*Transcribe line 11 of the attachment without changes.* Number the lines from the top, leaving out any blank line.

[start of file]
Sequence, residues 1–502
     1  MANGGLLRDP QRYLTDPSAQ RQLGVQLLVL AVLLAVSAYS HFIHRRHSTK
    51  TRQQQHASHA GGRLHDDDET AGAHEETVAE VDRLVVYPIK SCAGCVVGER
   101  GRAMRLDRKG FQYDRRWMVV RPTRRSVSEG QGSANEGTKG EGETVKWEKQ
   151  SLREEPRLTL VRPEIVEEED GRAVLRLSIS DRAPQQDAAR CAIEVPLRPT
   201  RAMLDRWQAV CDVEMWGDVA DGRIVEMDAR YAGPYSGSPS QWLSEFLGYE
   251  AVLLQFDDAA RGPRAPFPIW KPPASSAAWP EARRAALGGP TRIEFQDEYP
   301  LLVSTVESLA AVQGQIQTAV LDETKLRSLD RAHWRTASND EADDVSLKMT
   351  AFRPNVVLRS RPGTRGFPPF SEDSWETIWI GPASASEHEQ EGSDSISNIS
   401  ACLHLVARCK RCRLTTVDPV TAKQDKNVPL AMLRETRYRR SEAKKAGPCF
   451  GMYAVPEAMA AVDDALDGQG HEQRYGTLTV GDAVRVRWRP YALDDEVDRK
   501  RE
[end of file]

   451  GMYAVPEAMA AVDDALDGQG HEQRYGTLTV GDAVRVRWRP YALDDEVDRK